The Spurs playbook Mike Budenholzer brought from San Antonio remains largely intact.
There was no scene with the new Hawks head coach flipping through pages – deciding to keep this one and to throw away that one. However, after 19 seasons as a Spurs assistant, Budenholzer is stamping his own brand on the Hawks offense.
“It was probably a lot more ‘I like this,’” Budenholzer said of adapting his offense from that of the Spurs. “But there are things that we can tweak and adjust to our personnel to take our playbook, the Hawks playbook, and make it fit our guys.”
The process of installing a new offense to a roster of at least seven new players began Tuesday with the first practice of training camp. The two-a-day sessions are being held at the Coliseum Training Facility on the campus of the University of Georgia. It is the first time the Hawks will hold training camp away from Atlanta since the 2004-05 season.
What can Hawks fans expect this season from the offense? In three words: movement, movement and movement.
“In really, really simplistic terms, we want to see the ball move and we want to see people move, which, I think, is becoming more common in the NBA,” Budenholzer said. “If you are thinking about the old school NBA there would be a lot of people standing and the ball not moving. There has been more people movement and more ball movement across the league and we want to do the same thing.”
The Hawks will try to play through the post early in the shot clock but move into pick-and-roll and screen sets if that option is not there. No one should be standing around waiting for a shot and or an opportunity to go one-on-one.
The Hawks looked to take advantage of matchups frequently last season frequently, especially with Josh Smith in the post. Smith is gone after signing with the Pistons in the offseason.
“If we all buy into what coach is telling us, the offense is going to be good,” center Al Horford said. “It’s going to be a process. … (Last season) we were more of an isolation team at times, held the ball a lot more. Now, we want to create movement.”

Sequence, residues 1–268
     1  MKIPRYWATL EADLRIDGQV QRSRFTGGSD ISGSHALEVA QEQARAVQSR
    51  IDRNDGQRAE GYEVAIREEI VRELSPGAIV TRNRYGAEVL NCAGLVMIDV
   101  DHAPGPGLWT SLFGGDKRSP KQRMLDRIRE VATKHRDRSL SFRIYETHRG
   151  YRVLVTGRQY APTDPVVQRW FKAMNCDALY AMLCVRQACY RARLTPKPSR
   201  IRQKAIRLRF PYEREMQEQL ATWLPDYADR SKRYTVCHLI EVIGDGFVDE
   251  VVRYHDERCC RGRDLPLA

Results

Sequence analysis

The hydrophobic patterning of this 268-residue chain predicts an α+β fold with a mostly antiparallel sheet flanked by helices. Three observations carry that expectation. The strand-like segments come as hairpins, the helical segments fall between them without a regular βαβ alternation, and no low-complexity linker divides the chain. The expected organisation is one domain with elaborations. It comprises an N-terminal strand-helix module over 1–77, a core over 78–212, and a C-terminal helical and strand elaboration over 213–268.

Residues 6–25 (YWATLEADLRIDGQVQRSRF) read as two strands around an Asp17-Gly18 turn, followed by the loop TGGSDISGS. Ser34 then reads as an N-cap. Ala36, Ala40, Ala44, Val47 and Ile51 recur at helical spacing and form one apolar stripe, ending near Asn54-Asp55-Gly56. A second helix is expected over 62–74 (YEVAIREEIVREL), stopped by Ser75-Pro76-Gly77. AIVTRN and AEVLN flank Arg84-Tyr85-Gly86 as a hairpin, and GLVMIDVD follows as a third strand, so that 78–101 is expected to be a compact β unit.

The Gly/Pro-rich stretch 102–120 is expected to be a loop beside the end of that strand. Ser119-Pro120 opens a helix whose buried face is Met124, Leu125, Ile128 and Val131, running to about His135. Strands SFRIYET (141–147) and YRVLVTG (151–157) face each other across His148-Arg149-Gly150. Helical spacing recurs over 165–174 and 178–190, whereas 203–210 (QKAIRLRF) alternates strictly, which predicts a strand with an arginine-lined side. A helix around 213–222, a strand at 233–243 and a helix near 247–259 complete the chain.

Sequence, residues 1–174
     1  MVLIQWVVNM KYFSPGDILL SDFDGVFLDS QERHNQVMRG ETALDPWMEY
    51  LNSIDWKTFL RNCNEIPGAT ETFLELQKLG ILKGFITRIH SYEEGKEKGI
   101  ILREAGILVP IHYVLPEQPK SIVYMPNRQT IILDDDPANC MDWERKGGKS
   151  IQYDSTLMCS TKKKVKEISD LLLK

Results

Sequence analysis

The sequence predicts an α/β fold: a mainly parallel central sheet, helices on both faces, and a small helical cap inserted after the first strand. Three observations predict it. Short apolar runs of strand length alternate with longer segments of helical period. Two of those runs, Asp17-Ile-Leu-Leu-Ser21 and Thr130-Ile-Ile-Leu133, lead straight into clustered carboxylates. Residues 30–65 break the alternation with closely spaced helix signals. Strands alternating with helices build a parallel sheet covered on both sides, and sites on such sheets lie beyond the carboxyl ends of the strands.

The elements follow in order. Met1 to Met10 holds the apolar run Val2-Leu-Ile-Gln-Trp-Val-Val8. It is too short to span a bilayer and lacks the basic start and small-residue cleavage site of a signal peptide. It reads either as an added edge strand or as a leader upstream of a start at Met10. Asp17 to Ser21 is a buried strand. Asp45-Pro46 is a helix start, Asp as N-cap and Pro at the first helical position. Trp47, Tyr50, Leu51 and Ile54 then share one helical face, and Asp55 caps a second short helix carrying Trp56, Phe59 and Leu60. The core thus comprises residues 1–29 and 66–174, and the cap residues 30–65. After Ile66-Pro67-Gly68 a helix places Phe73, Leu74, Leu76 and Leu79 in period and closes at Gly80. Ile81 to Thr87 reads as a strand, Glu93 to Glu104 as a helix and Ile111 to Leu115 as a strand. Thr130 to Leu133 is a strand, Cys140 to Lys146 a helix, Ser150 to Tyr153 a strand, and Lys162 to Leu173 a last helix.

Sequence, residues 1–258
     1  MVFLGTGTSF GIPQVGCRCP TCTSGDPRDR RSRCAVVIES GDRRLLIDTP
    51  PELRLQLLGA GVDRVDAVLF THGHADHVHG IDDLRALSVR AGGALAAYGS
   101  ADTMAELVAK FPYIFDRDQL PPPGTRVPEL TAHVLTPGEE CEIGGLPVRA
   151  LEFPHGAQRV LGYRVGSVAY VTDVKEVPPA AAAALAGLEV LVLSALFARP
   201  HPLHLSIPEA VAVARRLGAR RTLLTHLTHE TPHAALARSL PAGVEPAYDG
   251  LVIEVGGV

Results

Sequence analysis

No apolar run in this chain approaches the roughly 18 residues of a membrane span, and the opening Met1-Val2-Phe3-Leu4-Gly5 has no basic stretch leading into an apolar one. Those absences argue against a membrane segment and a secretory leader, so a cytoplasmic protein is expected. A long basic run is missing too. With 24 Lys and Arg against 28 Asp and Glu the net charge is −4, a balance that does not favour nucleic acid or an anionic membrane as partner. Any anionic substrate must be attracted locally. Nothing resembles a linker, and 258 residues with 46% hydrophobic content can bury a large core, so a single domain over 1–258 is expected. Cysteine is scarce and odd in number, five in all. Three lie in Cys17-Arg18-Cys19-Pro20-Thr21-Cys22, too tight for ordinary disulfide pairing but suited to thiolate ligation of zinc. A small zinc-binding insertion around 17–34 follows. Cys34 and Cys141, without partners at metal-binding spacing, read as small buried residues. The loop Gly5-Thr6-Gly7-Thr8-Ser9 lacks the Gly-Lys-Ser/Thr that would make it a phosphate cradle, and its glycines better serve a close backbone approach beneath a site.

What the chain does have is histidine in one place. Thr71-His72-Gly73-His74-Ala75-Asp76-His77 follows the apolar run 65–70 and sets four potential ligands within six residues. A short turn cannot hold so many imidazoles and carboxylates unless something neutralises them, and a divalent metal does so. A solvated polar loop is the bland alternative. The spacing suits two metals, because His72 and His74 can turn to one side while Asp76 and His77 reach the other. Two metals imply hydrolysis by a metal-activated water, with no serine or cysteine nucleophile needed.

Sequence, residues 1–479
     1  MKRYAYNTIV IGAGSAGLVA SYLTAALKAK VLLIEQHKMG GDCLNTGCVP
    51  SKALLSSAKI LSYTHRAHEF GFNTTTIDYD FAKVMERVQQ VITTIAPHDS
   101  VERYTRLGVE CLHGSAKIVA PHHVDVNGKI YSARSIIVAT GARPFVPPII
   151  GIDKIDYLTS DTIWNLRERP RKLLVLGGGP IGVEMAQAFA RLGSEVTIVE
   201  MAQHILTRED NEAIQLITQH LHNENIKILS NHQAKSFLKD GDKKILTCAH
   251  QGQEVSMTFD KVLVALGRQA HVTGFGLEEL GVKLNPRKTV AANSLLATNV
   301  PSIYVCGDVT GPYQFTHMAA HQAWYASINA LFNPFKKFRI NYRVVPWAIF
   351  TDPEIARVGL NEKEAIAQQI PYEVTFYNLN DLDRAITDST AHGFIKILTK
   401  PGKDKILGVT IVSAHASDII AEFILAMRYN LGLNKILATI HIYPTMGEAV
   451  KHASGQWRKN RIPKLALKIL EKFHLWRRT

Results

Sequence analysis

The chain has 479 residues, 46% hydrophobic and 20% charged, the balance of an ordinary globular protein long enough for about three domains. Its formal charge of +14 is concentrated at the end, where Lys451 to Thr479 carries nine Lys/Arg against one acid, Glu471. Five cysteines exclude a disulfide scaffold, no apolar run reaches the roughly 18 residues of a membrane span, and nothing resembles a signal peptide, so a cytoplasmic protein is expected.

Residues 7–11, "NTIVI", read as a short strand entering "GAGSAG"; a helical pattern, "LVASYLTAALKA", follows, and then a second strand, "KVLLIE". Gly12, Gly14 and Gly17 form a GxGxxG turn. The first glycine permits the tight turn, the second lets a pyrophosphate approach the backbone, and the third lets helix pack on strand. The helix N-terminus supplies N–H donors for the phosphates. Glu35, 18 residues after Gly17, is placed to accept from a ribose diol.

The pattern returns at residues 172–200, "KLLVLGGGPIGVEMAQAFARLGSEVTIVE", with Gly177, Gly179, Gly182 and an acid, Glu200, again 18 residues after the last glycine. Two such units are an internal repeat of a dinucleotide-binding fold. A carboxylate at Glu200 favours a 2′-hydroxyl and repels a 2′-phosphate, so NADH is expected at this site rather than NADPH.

The Hawks will also look to move the ball because of their size. Like last season, this is not a big team. Horford will start at center at 6-foot-10. He, along with Pero Antic, Gustavo Ayon and Elton Brand are listed as forward/center. Antic is the tallest player on the roster at 6-11.
Kyle Korver, who signed a four-year deal with the Hawks as an unrestricted free agent this summer, returned in large part because of the offense.
“We are going to execute sets,” Korver said. “There is going to be floor spacing. There is going to be a game plan in place as to how we are going to guard the pick-and-roll, of how we are going to guard isolations. We are going to stick to that game plan well. … We are not just going to give someone the ball and say ‘Make it happen.’
“If you are a basketball purist, you are going to like watching us play. I believe that. It’s not going to be selfish basketball. It’s not going to be one-one-one. It’s not going to be isolation. There is going to be ball movement. There is going to be screening. There is going to be cutting. It’s the kind of basketball that I like, that I grew up watching and was taught.”
Training camp notes: Lou Williams (torn right ACL) was a limited practice participant. The guard did not take part in five-on-five drills. … Guard Jeff Teague (sprained right wrist) was a full participant. … Mike Scott sat out part of practice after suffering a slight ankle injury. … The first unit in scrimmages consisted of Teague, Korver, DeMarre Carroll, Paul Millsap and Horford. … The second unit consisted of Dennis Schroder, John Jenkins, James Johnson, Antic and Brand.